Another very good idea is to get as many licenses from as many different states as you can. That way, if a hail storm hits Georgia, and you have a Non-Resident license for that state, you can be used to work the storm without having to wait for a state declared emergency. You become far more valuable to the claims companies than other adjusters only having one license from their State of Residency. Sircon is a great site for acquiring other licenses for a nominal fee. In most cases, another licensing test is not required.

If possible, pair up with another adjuster you’ve met at your local Claims Association or elsewhere, and mentor with them for a short time. 

 

Immediately after I got my license, Hurricane Ike hit the Gulf coast states. Everyone was in demand. I worked a number of claims for The Mission Group  in Beaumont, Texas. Fortunately, I had a great CEO with a lot of patience. I’d partnered up with somebody who had procured the job, but had about as much experience as I had. Ultimately, the number of mistakes we made was embarrassing. But Mr. Phil Spotts went into the training mode and demonstrated the finest managerial traits I’ve ever witnessed. To this day he’s still a hero of mine! Talk about performing under pressure by training a couple of newbies in the art of adjusting. It was a pleasure to witness, yet embarrassing to be a part of.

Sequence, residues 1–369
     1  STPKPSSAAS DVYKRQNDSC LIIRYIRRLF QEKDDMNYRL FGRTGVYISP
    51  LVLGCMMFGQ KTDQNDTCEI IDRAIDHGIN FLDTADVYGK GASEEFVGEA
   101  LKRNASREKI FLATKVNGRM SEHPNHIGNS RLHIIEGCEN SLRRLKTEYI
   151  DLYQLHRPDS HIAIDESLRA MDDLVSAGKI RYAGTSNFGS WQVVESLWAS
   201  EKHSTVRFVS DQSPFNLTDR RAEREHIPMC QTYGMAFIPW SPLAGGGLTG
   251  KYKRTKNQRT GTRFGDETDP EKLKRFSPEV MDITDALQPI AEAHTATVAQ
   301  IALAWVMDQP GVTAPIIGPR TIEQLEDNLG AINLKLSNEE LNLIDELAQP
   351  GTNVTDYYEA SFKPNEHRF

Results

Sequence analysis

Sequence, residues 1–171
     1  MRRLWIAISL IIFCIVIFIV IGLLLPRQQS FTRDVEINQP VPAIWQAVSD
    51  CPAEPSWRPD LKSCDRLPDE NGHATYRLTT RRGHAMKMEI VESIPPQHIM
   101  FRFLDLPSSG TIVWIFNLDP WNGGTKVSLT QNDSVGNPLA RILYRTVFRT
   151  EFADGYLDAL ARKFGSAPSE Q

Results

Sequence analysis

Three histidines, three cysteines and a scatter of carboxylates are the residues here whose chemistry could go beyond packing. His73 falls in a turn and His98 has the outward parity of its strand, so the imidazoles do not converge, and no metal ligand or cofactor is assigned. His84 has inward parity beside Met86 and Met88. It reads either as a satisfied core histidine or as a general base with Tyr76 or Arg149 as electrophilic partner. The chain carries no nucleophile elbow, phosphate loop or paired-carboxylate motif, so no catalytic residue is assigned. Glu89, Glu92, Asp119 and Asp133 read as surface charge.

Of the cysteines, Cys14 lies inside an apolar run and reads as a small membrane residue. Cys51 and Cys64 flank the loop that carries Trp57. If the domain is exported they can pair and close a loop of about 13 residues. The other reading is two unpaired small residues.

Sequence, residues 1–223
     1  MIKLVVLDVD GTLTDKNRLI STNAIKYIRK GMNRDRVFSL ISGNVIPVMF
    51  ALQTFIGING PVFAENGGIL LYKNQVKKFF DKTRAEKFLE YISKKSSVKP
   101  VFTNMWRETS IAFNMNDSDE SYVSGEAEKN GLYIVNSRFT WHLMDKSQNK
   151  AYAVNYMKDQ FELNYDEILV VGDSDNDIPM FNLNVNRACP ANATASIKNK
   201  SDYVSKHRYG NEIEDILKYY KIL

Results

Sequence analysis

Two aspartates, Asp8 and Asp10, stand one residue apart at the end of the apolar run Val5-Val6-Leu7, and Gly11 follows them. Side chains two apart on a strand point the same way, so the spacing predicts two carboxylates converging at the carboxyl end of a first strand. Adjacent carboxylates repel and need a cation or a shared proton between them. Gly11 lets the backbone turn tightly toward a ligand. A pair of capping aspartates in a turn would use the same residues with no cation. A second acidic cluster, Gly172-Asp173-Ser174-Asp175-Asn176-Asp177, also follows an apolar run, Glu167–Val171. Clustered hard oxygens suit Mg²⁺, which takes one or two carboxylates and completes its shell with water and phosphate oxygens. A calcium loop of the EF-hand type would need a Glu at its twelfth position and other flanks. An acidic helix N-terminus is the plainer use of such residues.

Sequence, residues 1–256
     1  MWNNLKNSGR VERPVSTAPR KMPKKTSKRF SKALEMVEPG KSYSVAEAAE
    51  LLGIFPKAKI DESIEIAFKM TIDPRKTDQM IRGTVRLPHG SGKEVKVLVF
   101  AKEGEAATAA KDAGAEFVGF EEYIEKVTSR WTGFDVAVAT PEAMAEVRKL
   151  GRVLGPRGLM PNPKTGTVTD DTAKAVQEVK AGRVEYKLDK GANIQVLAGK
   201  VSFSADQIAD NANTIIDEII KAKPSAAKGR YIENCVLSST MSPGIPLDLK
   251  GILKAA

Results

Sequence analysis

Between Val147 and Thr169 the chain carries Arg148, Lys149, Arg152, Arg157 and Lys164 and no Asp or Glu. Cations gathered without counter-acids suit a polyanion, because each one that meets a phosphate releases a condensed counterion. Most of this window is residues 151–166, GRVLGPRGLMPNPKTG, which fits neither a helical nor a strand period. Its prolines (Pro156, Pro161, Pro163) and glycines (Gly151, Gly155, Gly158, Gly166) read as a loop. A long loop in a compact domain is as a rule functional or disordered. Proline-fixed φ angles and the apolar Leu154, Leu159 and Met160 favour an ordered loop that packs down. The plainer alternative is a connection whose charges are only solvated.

Shortly thereafter, I joined a couple of other course-mates and proceeded to take a Two Story/ Steep Roof Rope and Harness course from Kevin Kramer  (k.squared@earthlink.net) in Montgomery, Texas ( great course!). Apparently, for those that have that certification, they’re the first to be called out and the last to leave because they can handle all roofs, not just the easy ones. Kevin also sells an OJT Training Manual that has lots of very good information in it concerning construction, scoping, roof calculations, roof pictorials, estimating interior damage etc etc. It’s a very good manual to have in your library when you’re trying to gain knowledge.